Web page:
what now seems like another lifetime, when we didn’t hesitate to visit an
Arab village, we began our day with a visit to Abu Gosh, located in
the Judean Hills on the road to Jerusalem. This small and picturesque village,
which lies within Israel’s pre-1967 borders, is home to both Christian and
Moslem populations — with a Jewish Haredi [strictly Orthodox] neighborhood
at the edge.
In a way, Abu Gosh is a microcosm
of the Middle East and the area is a vision of our dreams of peace. In
the center of the town is the Church of Notre Dame of the Ark, within
which lies a convent. In a curious mix of personalities and religions, according
to the Sisters, the church marks the last place where the MishkanKiryat
Yearim. [Ark of the Convenant] rested until King David conveyed
it ceremoniously to Jerusalem. The church has original mosaics that are several
centuries old and a painting of King David playing his harp. The church and
convent are located in
At the entrance to the complex of
Kiryat Yearim, the following text is posted: “Border
of Judah during the period of the Judges: This then was the lot of the tribe
of the Children of Judah. And the border was drawn to Baalah, which is Kiryat
Yearim. (Joshua 15:1-9).
During the Canaanite period, the place was called Baalah, the sanctuary
of an ancient goddess. During the Hebrew period, it was called Qiryat Baal:
city of Baal, the name of one of the local gods. The name was changed to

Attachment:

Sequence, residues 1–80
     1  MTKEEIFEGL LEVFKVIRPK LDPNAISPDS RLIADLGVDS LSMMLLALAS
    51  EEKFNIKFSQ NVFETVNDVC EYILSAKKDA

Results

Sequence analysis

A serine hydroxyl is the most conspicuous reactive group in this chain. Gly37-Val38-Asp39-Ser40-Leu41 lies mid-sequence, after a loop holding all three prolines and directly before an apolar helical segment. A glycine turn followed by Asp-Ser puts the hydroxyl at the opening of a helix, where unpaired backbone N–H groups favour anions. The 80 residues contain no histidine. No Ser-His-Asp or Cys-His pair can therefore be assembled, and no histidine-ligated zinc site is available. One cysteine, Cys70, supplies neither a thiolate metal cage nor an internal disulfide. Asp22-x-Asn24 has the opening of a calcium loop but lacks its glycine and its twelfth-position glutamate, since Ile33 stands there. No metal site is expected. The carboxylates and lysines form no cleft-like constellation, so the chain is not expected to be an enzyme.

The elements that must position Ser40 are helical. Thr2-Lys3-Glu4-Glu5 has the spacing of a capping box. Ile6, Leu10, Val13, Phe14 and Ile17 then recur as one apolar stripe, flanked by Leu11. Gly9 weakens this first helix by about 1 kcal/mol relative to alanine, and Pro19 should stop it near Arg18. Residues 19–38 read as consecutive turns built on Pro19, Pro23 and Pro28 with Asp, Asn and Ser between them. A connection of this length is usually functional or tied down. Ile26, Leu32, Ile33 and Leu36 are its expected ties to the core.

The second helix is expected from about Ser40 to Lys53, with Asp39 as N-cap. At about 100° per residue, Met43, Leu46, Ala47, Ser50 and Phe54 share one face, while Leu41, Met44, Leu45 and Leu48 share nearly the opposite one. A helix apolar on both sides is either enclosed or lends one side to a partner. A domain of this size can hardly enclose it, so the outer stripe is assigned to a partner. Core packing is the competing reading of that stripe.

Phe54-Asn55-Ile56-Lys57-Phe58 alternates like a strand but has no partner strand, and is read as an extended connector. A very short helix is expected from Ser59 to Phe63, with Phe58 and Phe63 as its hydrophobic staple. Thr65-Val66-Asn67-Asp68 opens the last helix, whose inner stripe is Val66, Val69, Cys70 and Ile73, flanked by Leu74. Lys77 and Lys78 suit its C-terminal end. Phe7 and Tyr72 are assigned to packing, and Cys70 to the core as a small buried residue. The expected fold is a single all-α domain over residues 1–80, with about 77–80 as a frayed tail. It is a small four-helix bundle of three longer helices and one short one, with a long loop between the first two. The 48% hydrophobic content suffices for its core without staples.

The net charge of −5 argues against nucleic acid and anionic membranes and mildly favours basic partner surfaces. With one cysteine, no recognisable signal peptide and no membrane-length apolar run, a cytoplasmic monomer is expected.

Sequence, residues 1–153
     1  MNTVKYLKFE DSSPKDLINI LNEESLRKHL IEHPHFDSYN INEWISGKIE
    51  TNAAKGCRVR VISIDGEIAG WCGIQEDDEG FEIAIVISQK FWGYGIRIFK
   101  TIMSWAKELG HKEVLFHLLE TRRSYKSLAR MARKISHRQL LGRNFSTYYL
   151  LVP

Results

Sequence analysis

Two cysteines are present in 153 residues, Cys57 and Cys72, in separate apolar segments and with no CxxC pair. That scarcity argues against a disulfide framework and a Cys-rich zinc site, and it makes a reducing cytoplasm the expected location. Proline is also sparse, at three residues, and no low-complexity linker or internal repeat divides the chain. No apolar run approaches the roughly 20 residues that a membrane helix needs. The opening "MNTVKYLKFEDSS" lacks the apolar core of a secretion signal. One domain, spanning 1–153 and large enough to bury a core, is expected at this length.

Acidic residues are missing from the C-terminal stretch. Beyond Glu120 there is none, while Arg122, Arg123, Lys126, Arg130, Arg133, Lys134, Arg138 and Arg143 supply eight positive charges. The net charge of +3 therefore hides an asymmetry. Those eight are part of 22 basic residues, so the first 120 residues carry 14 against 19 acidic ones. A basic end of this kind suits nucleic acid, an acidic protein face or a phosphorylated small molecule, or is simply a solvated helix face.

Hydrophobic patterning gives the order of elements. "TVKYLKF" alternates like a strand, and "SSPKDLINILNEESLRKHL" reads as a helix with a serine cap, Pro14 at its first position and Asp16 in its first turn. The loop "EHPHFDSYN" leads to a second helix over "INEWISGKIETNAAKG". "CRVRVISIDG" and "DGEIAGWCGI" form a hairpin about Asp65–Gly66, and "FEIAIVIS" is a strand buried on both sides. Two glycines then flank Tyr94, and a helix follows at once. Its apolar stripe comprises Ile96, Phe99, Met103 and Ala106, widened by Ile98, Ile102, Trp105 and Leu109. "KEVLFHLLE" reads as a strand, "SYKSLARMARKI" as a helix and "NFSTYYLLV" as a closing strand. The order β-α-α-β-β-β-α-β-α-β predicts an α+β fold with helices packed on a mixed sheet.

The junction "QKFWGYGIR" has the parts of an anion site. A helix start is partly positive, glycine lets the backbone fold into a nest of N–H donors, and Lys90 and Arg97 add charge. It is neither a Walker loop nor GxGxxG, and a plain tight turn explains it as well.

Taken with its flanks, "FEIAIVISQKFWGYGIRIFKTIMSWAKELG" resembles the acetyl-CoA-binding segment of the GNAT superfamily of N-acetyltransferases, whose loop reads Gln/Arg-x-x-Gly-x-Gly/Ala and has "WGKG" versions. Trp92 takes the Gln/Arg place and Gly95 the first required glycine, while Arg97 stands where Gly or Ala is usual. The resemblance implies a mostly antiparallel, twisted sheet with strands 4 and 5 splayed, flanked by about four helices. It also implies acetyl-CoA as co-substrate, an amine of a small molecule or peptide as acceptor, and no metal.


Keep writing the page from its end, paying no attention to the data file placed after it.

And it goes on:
Kiryat Yearim, the City of Forests.”
| During the Jewish holidays of Sukkot
and Shavuot, concerts are held in the church. The concerts are popular among
Israelis of all faiths. For concert schedules, click here.
We waited by the closed gates to the
church until they were opened by a Sister who greeted us warmly and welcomed
us. She asked us to be silent unless in the church building itself.
The Silent Retreat also fascinated
us – although we admit it would be challenging to be silent for very long.
The air itself felt calm and hushed: an oasis of peace where pilgrims from
all over the world come to meditate.
Outside the vicinity of the Retreat
we commented to the Sister on the confluence of the three religions in the
area the church, an Arab mosque and close by, the ultra orthodox neighborhood
of Telse Stone. The nun looked up at the blue, blue sky and said,
“Yes, and all these groups are engaged in prayer, praying for peace.”
Among the residents of Telse Stone,
meet a Sofer Stam
— If you phone ahead, you can learn how tefillin and Torah scrolls are made
and purchase tefillin. Appropriate dress includes skirts of modest length
and tops with sleeves for girls and women and headcoverings for all males.
All that silence had made us hungry
so we then went to have lunch at Abu Shukri, the place where Israelis
in the know go for a Middle Eastern vegetarian meal, including warm humous
[mashed chick peas] with fava beans and hard boiled eggs, humous with pine
nuts and olive oil, eggplant in tehina and Turkish coffee to end the meal.
For dessert we crossed the street to the bakery, where rows and rows of
freshly baked deserts are on display. The owner’s son urged us to recline
on a couch in the corner and smoke a Nargila (water pipe) with an apple-flavored
tobacco. Evidently, at night the bakery is filled with Nargila smokers lying
on the couches — it must be quite a scene.
[to be continued next month]
Text by D. Rosenbloom